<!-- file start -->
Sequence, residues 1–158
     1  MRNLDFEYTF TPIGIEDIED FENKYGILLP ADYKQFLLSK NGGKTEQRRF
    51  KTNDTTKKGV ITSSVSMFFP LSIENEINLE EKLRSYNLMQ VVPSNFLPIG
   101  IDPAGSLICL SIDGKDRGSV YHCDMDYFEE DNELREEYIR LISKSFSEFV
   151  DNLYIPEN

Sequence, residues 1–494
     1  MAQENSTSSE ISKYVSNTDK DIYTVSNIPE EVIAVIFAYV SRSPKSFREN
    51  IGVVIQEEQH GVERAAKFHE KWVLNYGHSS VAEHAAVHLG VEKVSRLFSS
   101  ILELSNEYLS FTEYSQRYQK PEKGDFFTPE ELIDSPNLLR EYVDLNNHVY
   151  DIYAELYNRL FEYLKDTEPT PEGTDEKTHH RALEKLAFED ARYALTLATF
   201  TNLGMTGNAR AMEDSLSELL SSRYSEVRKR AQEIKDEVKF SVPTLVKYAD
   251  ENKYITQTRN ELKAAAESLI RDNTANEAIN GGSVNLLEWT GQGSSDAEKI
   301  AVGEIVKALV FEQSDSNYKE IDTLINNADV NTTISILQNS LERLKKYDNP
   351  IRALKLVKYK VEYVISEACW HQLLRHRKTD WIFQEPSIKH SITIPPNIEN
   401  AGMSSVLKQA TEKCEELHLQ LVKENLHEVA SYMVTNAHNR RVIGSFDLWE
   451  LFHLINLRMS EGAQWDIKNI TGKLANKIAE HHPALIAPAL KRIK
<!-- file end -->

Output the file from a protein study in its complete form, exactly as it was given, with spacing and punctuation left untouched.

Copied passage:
Sequence, residues 1–158
     1  MRNLDFEYTF TPIGIEDIED FENKYGILLP ADYKQFLLSK NGGKTEQRRF
    51  KTNDTTKKGV ITSSVSMFFP LSIENEINLE EKLRSYNLMQ VVPSNFLPIG
   101  IDPAGSLICL SIDGKDRGSV YHCDMDYFEE DNELREEYIR LISKSFSEFV
   151  DNLYIPEN

Sequence, residues 1–494
     1  MAQENSTSSE ISKYVSNTDK DIYTVSNIPE EVIAVIFAYV SRSPKSFREN
    51  IGVVIQEEQH GVERAAKFHE KWVLNYGHSS VAEHAAVHLG VEKVSRLFSS
   101  ILELSNEYLS FTEYSQRYQK PEKGDFFTPE ELIDSPNLLR EYVDLNNHVY
   151  DIYAELYNRL FEYLKDTEPT PEGTDEKTHH RALEKLAFED ARYALTLATF
   201  TNLGMTGNAR AMEDSLSELL SSRYSEVRKR AQEIKDEVKF SVPTLVKYAD
   251  ENKYITQTRN ELKAAAESLI RDNTANEAIN GGSVNLLEWT GQGSSDAEKI
   301  AVGEIVKALV FEQSDSNYKE IDTLINNADV NTTISILQNS LERLKKYDNP
   351  IRALKLVKYK VEYVISEACW HQLLRHRKTD WIFQEPSIKH SITIPPNIEN
   401  AGMSSVLKQA TEKCEELHLQ LVKENLHEVA SYMVTNAHNR RVIGSFDLWE
   451  LFHLINLRMS EGAQWDIKNI TGKLANKIAE HHPALIAPAL KRIK